Christopher Hutson, Esq.
The Texas Family Code provides that the Court is to divide your community property as it deems "just and right." This "Just and Right" legal standard does not require an equal division of the community estate. That is, the Court is not required to award you an equal 50% share of your community property.
"One of the factors that the Court will consider is whether either of you has proved a reimbursement claim."
Instead, the Court will look at a number of factors to determine whether you might be entitled to a larger share of the community estate than your spouse. One of the factors that the Court will consider is whether either of you has proved a reimbursement claim. If so, then your position is either substantially improved or gets a lot worse.
WHY REIMBURSEMENT CLAIMS MATTER:
The reason reimbursement claims are important is that they can result in the Court awarding your spouse a lot more property in the divorce than they would have done if there were no reimbursement claim. That's because the claim is a debt against the donee estate that will enhance that donor estate. In layman's terms, the pool of money that will be divided between the parties to the divorce gets bigger by syphoning property that might otherwise be treated as the separate property of one spouse.
Take for example the case where husband is a raging alcoholic who has engaged in adultery throughout the marriage. In Texas, husband's fault is likely to impact the share of the community estate that he is awarded in the final divorce decree. More specifically, he is likely to be awarded a notably smaller percentage of the community assets. He may also be awarded a larger share of the community debts if they are attributable to his bad conduct.
"40% of $1 million is a lot less distressing than 40% of $100,000.00."
In such cases, it becomes immediately clear that increasing the total value of the community estate is of paramount importance to the 'at fault' spouse. A divorce decree awarding you only 40% of the community assets may be distressing, but 40% of $1 million is a lot less distressing than 40% of $100,000.00.
If I am the attorney representing a party in a case like this, my job is to maximize the value of my client's 40%. And knowing at the outset that my client is likely to take a smaller share of the estate, my focus will be on maximizing its value.
BASES FOR REIMBURSEMENT CLAIMS
Under Texas law the community or separate estate of either spouse may assert a reimbursement claim for the following:
(1) payment by one marital estate of the unsecured liabilities of another marital estate;
(2) inadequate compensation for the time, toil, talent, and effort of a spouse by a business entity under the control and direction of that spouse;
(3) the reduction of the principal amount of a debt secured by a lien on property owned before marriage, to the extent the debt existed at the time of marriage;
(4) the reduction of the principal amount of a debt secured by a lien on property received by a spouse by gift, devise, or descent during a marriage, to the extent the debt existed at the time the property was received;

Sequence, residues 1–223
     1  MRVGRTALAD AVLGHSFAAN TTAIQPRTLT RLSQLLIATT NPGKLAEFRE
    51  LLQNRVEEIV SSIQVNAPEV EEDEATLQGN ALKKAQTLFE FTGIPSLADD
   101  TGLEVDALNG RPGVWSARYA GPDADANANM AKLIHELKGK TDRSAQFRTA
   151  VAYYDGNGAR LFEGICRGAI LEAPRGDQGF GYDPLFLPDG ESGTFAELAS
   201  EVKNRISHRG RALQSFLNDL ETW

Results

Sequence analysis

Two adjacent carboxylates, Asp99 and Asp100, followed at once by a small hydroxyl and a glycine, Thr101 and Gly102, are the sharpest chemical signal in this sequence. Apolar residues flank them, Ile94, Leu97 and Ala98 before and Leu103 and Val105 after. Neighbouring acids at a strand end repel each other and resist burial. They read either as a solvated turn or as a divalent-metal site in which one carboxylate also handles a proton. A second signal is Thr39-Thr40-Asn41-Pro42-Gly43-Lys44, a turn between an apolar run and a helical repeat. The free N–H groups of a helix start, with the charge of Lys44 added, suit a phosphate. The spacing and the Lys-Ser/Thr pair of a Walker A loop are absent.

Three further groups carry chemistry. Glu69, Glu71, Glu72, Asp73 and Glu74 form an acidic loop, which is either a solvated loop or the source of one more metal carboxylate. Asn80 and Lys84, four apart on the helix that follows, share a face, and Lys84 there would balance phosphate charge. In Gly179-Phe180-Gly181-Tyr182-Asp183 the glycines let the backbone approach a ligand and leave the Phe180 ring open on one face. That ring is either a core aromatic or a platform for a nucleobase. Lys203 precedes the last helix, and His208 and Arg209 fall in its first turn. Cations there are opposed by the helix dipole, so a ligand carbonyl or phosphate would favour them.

(5) the reduction of the principal amount of that part of a debt, including a home equity loan: (A) incurred during a marriage; (B) secured by a lien on property; and (C) incurred for the acquisition of, or for capital improvements to, property;
(6) the reduction of the principal amount of that part of a debt: (A) incurred during a marriage; (B) secured by a lien on property owned by a spouse; (C) for which the creditor agreed to look for repayment solely to the separate marital estate of the spouse on whose property the lien attached; and (D) incurred for the acquisition of, or for capital improvements to, property;
(7) the refinancing of the principal amount described by Subdivisions (3)-(6), to the extent the refinancing reduces that principal amount in a manner described by the applicable subdivision;
(8) capital improvements to property other than by incurring debt; and
(9) the reduction by the community property estate of an unsecured debt incurred by the separate estate of one of the spouses.
COMMON SITUATIONS TO BE AWARE OF
PAYMENTS TO REDUCE UNSECURED SEPARATE DEBT
The most common reimbursement claims arise in cases where community resources are used to reduce separate debt of one spouse. Bearing in mind that the income of both spouses is community property it does not mean that the non-debtor spouse has paid down the accrued separate debt of the debtor spouse. Rather, payments by one spouse from her post-marital income towards her separate premarital debts may be a dilution of her husbands share of the community income by 50% of the amount so used.
Bearing this in mind, if your spouse brought a large amount of separate debt to the marriage and has made significant payments to reduce that debt during marriage, you may have a reimbursement claim that could increase or equalize your total recovery from the community estate, regardless of your percentage award.
As a practical matter reimbursement claims are not likely to come up frequently in typical divorce case. That is largely because the standard of proof needed to establish a reimbursement claim is high and many attorneys do not want to invest significant time and money investigating them. Given the possibility that your spouse may assert an offset to a reimbursement claim, in some instances this is the right approach.
However in the case of a large reimbursement claim such an investment of time may be worthwhile. An astute lawyer will find such claims useful leverage when negotiating an agreed settlement. Particularly when the facts are against you it can be helpful to have a hefty reimbursement claim against your spouse's separate property at your disposal.